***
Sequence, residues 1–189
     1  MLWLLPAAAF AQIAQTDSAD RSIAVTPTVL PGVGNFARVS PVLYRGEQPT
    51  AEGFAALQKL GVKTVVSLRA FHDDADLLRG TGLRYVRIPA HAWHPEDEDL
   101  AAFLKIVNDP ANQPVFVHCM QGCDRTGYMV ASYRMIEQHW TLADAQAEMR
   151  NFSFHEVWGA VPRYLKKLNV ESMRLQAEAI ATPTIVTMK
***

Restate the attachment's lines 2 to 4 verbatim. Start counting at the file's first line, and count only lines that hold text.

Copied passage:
     1  MLWLLPAAAF AQIAQTDSAD RSIAVTPTVL PGVGNFARVS PVLYRGEQPT
    51  AEGFAALQKL GVKTVVSLRA FHDDADLLRG TGLRYVRIPA HAWHPEDEDL
   101  AAFLKIVNDP ANQPVFVHCM QGCDRTGYMV ASYRMIEQHW TLADAQAEMR